When you procure an Employee Feedback platform, you will probably go through some due diligence to ensure they can fulfil the legal requirements of GDPR and your data processing policies.


You will enter into a contract with clauses and penalties to give clarity to both parties on who is responsible for what and what happens if something goes wrong.


The platform you procure will mean you are fulfilling your obligations and the rights of the individual whose data you are processing.


Your Feedback partner will have, as a minimum, ISO27001 certification so you know that they are audited each year and meet the requirements to handle people’s data.


They will have vulnerability testing and penetration testing as a standard.

Data in the wild

Spreadsheet anarchy is one of my favourite descriptions of what happens when you do not have the right tools.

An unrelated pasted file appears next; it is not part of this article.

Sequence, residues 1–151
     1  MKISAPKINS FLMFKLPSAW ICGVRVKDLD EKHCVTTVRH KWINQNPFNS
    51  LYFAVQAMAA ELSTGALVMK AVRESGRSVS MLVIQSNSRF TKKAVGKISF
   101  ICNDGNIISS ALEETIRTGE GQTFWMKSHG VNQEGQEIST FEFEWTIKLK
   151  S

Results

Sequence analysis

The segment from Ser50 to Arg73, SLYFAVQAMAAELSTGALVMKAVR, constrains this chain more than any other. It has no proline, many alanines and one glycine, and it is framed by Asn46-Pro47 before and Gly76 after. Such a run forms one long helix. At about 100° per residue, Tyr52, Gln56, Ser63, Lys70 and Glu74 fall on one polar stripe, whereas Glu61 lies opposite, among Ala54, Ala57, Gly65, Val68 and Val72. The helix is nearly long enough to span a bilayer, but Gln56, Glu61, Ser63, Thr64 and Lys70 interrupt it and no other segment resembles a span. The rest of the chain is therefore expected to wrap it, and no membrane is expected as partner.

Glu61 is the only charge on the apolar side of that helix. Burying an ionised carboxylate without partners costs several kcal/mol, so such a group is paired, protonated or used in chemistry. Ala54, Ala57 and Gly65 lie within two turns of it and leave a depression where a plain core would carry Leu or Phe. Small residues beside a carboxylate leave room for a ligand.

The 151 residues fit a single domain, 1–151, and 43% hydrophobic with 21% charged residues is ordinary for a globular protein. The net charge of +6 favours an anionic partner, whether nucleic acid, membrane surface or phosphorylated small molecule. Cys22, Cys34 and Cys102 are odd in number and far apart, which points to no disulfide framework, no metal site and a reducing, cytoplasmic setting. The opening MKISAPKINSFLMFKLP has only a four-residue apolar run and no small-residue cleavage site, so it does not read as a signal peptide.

Google Forms, MS Forms and Free Survey Tools all output to spreadsheets.


(We will talk about analysis in a mo…)

But you now have spreadsheets of potentially personal and identifiable data floating around in your organisation - why?


Because, mostly, the online reporting tools are not good enough to use.

A decent Survey Platform will have everything built in;


  • People Data
  • Survey Distribution
  • Analytics
  • Downloadable Reports
  • Exports to Excel
  • Trend Analysis
  • Benchmarking
  • User Set-Up and Restrictions


This means you are not downloading sensitive data to work on, and instead use a tool designed to keep data safe and secure, while giving you the insights you need to take action.

How you structure your organisation, people demographics and reporting groups

If you want to drill down into your report and see how different groups feel and break down your reporting to be meaningful, then you will need to know your people's org structure and demographics.